In my post I also noted the issue of where Mayo would play.  Currently Memphis has five players listed as point guards (Mayo, Lowry, Mike Conley, Javaris Crittenton, and Marko Jaric).  Chip argued that Crittenton and Mayo can shift to shooting guard, hence clearing up some of this logjam.  I have no problem with that argument.

Long term vs. Short term

And I think, Chip really has no problem with my assessment of the Grizzlies for the 2008-09 season. Neither Chip nor I think Memphis is going to be very competitive next season.  Chip, though, argues that Memphis is on the right path. Although the team will suffer this year (see his reference to Losing to Win in 2007), in the long-run the Grizzlies are going to be very good.

Chip bases this forecast on the observation that young players do improve.  Certainly this is true.  But I would add that often un-productive young players develop into un-productive old players.  In other words, although young players can become more productive, the effect is not so strong that all truly unproductive young players will transform into above average performers (in fact, that is not mathematically possible).

My sense is that Chip understands this point.  But he is also encouraged by the fact that Memphis has gone from being a team that was clearly not trying very hard to win this past season to a franchise that is making moves with the intention of winning in the future.  Certainly I agree that this is the intention.  I am just not sure, though, that the data support the contention that what Memphis is trying to do will ultimately be successful.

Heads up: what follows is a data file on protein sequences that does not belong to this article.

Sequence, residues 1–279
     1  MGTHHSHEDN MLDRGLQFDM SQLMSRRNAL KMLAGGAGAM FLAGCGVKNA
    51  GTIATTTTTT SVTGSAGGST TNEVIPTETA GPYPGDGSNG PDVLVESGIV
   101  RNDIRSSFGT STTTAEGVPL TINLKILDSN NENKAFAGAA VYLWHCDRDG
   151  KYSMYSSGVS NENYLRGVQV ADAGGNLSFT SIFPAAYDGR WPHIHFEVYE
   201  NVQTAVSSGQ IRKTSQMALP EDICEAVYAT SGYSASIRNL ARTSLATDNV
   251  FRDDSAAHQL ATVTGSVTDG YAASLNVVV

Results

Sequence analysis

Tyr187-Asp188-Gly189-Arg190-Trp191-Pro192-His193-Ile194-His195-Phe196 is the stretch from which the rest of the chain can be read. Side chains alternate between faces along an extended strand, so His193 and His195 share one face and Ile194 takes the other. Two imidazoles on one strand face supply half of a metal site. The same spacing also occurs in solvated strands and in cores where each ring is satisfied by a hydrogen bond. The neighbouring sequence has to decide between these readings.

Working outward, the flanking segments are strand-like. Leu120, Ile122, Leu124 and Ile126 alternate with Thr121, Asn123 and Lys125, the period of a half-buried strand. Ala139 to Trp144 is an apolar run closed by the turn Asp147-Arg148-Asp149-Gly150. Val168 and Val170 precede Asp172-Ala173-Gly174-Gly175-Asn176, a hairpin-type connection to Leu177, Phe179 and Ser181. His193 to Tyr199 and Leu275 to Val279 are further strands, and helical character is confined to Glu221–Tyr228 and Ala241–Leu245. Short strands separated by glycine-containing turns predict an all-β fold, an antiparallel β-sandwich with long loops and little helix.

Such an argument probably is not welcomed by Memphis fans.  As the 3ShadesofBlue motto states:

As a rule we disbelieve all the facts and theories for which we have no use. –William James

I can’t imagine that a Memphis fan has any use for analysis that suggests this team is not on the right track.  Unfortunately, I think that is the direction where the data points.  Perhaps after more losing and more high draft picks, Memphis will assemble a productive team.  Right now, though, I don’t think this has happened.  Nor do we have much evidence that it is going to happen sometime soon.

So that is my contribution to this discussion.  All in all, Chip and I had a very nice — and cordial — discussion about his team.  Hopefully — for the sake of Chip and his fellow Memphis fans — I am wrong (but I still think I might be right).

– DJ

The WoW Journal Comments Policy

Our research on the NBA was summarized HERE.

The Technical Notes at provides substantially more information on the published research behind Wins Produced and Win Score

Wins Produced, Win Score, and PAWSmin are also discussed in the following posts:

Simple Models of Player Performance

Wins Produced vs. Win Score

What Wins Produced Says and What It Does Not Say

Introducing PAWSmin — and a Defense of Box Score Statistics

Finally, A Guide to Evaluating Models contains useful hints on how to interpret and evaluate statistical models.